If you recently found yourself in Mountain View, California then you may have walked right past a mountain lion and didn’t even know it!
This past May a mountain lion, known by the research crew at UC Santa Cruz as 46m, made his way from his home in the forests of Santa Cruz Mountains down to the city of Mountain View in search of new territory. During this journey 46m crossed a major freeway and found himself lost among a forest of apartment buildings instead of trees.
Luckily the police and researchers tracked down 46m in a parking garage and brought him back to his habitat in the Santa Cruz Mountains.
This event is a reminder (to me and hopefully to you) that animals live among us, they share our home. In fact, they were here before us when cities were nothing more than trees and open space. Here in Santa Cruz, during the hazy hours of dusk or the pitch black of night many creatures can be spotted. Throughout the years I have seen bobcats, deer, foxes, rabbits, skunks, possums, and raccoons.
According to the UC Santa Cruz puma research project who tracks 46m, mountain lions live in a fragmented habitat. Meaning their habitat is broken up by urban settings such as cities or roadways. So what can city planners do to accommodate these creatures that also call Santa Cruz (and the surrounding areas) their home?
Consider Santa Clara County, who recently adopted a Habitat Conservation Plan for Coyote Valley. This Plan contains a conservation strategy to mitigate impacts and contribute to the recovery of animals in the Plan coverage area. In particular this area covers the habitat of a variety of endangered plants and animals including the San Joaquin kit fox and Western burrowing owl. The plan lays out a framework for habitat management, restoration, monitoring and funding. Perhaps the County of Santa Cruz in partnership with the County of Santa Clara could look into creating a Habitat Plan for the Santa Cruz Mountains.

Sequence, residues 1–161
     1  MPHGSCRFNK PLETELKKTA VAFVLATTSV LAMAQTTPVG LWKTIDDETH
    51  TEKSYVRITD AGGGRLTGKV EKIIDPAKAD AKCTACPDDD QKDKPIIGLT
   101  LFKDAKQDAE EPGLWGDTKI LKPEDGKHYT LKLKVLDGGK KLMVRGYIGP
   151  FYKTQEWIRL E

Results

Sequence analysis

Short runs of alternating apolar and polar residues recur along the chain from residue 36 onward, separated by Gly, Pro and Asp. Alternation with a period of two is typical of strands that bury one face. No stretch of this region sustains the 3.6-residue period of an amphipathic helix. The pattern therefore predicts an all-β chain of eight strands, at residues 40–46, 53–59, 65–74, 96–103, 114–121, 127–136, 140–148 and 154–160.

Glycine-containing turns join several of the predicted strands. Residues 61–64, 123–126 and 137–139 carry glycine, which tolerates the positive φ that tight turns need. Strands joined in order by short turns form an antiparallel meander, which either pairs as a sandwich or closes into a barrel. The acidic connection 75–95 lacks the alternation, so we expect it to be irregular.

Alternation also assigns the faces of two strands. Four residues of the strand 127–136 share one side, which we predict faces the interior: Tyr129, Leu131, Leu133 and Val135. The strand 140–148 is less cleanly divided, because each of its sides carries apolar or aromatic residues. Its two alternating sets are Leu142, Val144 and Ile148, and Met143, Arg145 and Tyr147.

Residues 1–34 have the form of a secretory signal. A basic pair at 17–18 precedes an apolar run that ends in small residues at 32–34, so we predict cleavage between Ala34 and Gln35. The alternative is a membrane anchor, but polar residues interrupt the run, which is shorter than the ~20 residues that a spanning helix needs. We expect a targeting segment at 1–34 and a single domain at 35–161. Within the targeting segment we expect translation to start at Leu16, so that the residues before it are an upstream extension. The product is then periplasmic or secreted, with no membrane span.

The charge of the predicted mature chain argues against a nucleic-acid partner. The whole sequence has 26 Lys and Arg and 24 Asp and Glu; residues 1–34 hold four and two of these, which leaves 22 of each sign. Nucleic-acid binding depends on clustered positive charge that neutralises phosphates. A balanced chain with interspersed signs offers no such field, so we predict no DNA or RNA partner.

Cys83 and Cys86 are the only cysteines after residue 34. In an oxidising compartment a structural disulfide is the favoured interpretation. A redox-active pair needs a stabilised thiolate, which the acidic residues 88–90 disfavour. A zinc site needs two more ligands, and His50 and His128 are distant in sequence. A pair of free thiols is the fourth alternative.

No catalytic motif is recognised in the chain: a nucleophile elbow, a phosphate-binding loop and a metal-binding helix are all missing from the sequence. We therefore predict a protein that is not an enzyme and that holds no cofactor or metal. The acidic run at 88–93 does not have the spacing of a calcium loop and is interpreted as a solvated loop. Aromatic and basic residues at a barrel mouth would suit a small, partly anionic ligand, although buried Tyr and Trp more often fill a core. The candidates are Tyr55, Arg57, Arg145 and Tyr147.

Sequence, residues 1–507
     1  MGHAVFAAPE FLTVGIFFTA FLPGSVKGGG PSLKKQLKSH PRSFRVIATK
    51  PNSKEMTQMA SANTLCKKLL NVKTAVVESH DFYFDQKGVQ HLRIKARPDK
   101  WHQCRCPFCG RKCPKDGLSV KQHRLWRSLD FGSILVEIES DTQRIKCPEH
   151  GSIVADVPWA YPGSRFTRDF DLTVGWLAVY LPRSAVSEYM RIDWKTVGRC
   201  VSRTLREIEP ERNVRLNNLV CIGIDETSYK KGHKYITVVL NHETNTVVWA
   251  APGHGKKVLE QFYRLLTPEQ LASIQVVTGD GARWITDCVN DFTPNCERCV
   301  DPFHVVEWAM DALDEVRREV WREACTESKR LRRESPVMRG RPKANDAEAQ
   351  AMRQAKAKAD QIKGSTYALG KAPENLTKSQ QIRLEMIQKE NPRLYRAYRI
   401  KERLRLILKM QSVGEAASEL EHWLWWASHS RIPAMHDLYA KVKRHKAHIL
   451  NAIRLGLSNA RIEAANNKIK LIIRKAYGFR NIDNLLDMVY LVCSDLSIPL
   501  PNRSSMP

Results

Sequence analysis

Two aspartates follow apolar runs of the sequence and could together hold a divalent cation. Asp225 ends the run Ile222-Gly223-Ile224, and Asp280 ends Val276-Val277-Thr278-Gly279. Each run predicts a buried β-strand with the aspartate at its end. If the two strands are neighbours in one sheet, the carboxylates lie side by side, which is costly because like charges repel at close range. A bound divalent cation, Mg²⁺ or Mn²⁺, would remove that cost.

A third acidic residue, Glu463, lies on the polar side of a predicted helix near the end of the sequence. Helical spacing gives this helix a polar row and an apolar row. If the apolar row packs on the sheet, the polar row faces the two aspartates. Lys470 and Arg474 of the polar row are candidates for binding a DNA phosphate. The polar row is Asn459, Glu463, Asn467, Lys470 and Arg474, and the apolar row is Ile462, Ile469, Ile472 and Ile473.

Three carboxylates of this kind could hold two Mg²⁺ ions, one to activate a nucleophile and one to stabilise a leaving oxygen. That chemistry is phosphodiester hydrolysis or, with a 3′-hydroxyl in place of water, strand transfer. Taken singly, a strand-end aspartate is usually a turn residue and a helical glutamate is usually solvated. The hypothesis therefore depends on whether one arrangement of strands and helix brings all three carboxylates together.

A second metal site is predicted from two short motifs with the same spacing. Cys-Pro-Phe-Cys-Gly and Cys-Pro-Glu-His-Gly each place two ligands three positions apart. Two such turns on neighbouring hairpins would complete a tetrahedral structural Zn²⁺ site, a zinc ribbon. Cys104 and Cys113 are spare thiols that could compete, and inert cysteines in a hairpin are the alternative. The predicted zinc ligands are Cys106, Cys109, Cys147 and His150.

I believe it is imperative that cities ensure that all species are taken into account when planning for development. Just because we as humans can speak for ourselves does not mean that we should forget about those species who cannot. We need to be their voice. I cannot stress enough the importance of biodiversity for this planet. Do we really want to wake up one day and the only things living are humans, cockroaches, and rats? We as planners are responsible for taking into account all life when creating policy, zoning codes, and approving permits for development.